In the tropical climate of the U.S. Virgin Islands, it’s not particularly strange to walk inside a building and find sand beneath your feet, as you do when passing through the arched entryway of the Hebrew Congregation of St. Thomas, in Charlotte Amalie.
There’s a story behind the sand, as there is for almost every nook of the landmark building nestled into the Caribbean island streetscape known as Synagogue Hill.
When our trio stepped off the cruise ship Norwegian Epic, my sister, brother-in-law and I had one site in mind: The St. Thomas synagogue had been a destination for friends and family members before us, and now we were to make the pilgrimage to the second oldest synagogue in the Western Hemisphere and longest running congregation under the American flag.
Charlotte Amalie, the capital and largest city on the island, harbors steep streets to rival the South Side Slopes, and we had heard the trek was hard on weak knees, so reaching our dock-to-door destination along Krystal Gade (Danish for “street”) was left to a friendly cabdriver. An address was unnecessary. We just said, “The synagogue, please,” and 10 minutes later, we were there, near the top of a residential street and beside a car with a sign in its window that read “Cantor is in the synagogue.”
After taking pictures beside the National Historic Landmark plaque, designated in 1997, we ascended into the rectangular, high-ceilinged sanctuary, where the Holy Ark along the eastern wall had been opened to reveal a grouping of six Torahs (scrolls of scripture), much like the ones I’d known from temples in American cities, and one unfamiliar silhouette in the center, a decorated wooden cylinder that turned out to be a Moroccan torah.
A woman wearing a yarmulke and tallis (traditional hat and prayer shawl) told us to check out the museum in the back; she would be with us shortly.
We wandered through the building that had been constructed in 1833 by the Hebrew Congregation of St. Thomas, also known as the Congregation of Blessing, Peace and Loving Deeds. The congregation was founded in 1796 by Sephardic Jews, many of whom arrived on island shores after fleeing the Spanish Inquisition.
Nine Jewish families belonged to the congregation in 1801, but by 1823 that congregation swelled with arrivals from other European countries and island colonies. A citywide fire destroyed the synagogue in 1831, and the building we were standing in was completed two years later. Only once in all the passing years, when Hurricane Marilyn struck St. Thomas, were Sabbath services not held here.
While palm trees waved outside an open window, we began our education about the Jewish settlers who had arrived on St. Thomas starting in the 17th century. The first Reform Confirmation service in the New World was said to have been held here in 1843, and today, the congregation is a member of the Union for Reform Judaism. The impressionist painter Camille Pissarro, born in Charlotte Amalie to a Jewish father of Portuguese descent and native Creole mother in 1830, left half his estate to the synagogue and half to St. Thomas’ Protestant church.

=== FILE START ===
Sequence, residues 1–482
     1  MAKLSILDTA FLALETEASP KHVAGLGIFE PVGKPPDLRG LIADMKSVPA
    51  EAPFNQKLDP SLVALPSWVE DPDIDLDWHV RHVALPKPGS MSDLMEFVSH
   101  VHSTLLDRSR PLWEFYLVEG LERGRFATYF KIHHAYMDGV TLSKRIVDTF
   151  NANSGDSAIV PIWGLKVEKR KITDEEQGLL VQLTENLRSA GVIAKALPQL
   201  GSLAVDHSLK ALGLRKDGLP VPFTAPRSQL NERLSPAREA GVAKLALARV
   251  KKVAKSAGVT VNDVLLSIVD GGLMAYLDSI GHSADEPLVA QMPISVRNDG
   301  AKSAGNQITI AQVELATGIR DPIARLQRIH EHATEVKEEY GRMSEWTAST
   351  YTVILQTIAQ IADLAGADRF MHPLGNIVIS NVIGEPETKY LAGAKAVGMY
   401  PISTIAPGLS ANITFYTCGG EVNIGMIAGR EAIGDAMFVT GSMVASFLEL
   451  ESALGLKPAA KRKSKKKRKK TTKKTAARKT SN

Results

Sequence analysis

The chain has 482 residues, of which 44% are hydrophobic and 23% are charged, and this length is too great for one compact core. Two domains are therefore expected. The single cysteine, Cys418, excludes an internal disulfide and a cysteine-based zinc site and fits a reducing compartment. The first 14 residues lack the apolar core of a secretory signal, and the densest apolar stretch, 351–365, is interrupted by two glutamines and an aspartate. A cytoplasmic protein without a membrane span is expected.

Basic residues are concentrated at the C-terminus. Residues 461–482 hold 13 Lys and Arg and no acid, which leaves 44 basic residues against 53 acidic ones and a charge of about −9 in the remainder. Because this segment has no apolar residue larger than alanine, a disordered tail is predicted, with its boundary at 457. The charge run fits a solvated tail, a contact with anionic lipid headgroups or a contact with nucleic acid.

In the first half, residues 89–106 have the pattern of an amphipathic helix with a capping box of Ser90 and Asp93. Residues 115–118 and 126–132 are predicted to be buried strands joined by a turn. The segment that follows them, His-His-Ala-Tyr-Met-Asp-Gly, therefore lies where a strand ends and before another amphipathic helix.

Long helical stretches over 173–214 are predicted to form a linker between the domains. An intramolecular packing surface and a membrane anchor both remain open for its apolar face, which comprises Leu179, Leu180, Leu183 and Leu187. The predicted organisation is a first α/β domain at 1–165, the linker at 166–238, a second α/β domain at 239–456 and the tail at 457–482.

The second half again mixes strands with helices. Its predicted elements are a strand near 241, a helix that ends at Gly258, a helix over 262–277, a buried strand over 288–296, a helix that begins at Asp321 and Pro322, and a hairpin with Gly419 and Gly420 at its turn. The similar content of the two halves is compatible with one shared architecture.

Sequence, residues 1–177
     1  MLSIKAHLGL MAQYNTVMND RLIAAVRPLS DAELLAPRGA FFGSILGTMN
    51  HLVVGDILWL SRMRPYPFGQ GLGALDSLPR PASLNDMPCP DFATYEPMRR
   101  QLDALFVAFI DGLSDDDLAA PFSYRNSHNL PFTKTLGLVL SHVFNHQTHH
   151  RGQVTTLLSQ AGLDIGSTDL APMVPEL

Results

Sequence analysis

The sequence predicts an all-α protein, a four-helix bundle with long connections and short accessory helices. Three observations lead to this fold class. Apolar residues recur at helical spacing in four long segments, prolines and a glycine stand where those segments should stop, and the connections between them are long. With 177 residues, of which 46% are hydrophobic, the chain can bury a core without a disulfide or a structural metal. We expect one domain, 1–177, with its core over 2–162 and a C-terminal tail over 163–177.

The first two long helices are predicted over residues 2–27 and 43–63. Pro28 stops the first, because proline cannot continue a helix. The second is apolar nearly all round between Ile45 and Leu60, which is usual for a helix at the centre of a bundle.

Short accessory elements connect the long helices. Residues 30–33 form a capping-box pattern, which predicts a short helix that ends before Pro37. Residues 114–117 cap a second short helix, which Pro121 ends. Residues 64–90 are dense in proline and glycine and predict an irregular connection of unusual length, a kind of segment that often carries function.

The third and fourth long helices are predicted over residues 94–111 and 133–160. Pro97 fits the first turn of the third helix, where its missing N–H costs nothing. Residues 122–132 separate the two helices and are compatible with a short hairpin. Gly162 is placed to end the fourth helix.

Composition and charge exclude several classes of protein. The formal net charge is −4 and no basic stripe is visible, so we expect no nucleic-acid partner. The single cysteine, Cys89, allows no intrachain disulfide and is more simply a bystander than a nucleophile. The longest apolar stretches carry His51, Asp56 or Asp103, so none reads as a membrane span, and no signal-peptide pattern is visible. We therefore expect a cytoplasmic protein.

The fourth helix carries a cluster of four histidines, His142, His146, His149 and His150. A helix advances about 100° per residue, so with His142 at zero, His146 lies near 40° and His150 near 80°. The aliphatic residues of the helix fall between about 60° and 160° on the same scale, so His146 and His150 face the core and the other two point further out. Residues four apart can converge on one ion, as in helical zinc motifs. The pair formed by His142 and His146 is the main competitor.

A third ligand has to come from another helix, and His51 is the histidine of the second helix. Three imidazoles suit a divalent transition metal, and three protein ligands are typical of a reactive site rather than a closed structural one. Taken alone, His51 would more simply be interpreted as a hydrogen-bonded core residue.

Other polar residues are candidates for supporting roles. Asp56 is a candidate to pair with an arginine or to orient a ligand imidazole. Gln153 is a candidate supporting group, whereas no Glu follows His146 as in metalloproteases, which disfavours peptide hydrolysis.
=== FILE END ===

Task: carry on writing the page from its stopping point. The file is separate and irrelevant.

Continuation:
We were also to learn about “the Jewish pirates of the Caribbean” (check out the Random House book of the same name by Edward Kritzler) who aided Gen. George Washington’s Continental Army with materials that found their way through British blockades. Among them were settlers from the Dutch colony of St. Eustatius who sided with Washington’s upstarts because they believed he was fighting for religious freedom.
When the British came after the St. Eustatius colonists, many fled to St. Thomas.
This part of the island’s history was told to us by cantorial soloist Diane Becker Krasnick, a Wisconsin native and the informative guide for our synagogue experience on a Thursday afternoon.
Oh, and the sand. She could go on and on about that.
There are four sand-floor synagogues in the Western Hemisphere. By some accounts, the sand floors relate to 40 years spent wandering the desert in search of the Holy Land. More likely, said Becker Krasnick, the covering commemorates the way Spanish Jews were forced to practice their religion in secret.
She explained that the only way to survive the Inquisition was to convert — or pretend to convert. The cantor said Jews would hide mezuzas (doorpost scrolls) in the feet of statues of the Madonna at the entrance to their homes. They also would practice their religion in cellars and muffle the sound by spreading sand on the floors above, which is the most likely explanation for the indoor sand floors.
There are about 60 current resident members of the congregation, and others — including snowbirds and people who support the historic building — are regular or occasional worshipers.
For us, the visit was both a history lesson and a spiritual experience. The cantor revealed a rescued torah with an inventory number on it, put there by Nazi looters of a defunct Czech synagogue. (The scroll is on loan until another synagogue is built in the Czech Republic. She also read a small portion from the Moroccan torah and, before we left, said a blessing with us.)
Then we said our goodbyes and walked down the hill to the busy business district on Main Street. It was teeming with tourists, but my thoughts were back in the synagogue, a sandy oasis on a humid day on St. Thomas.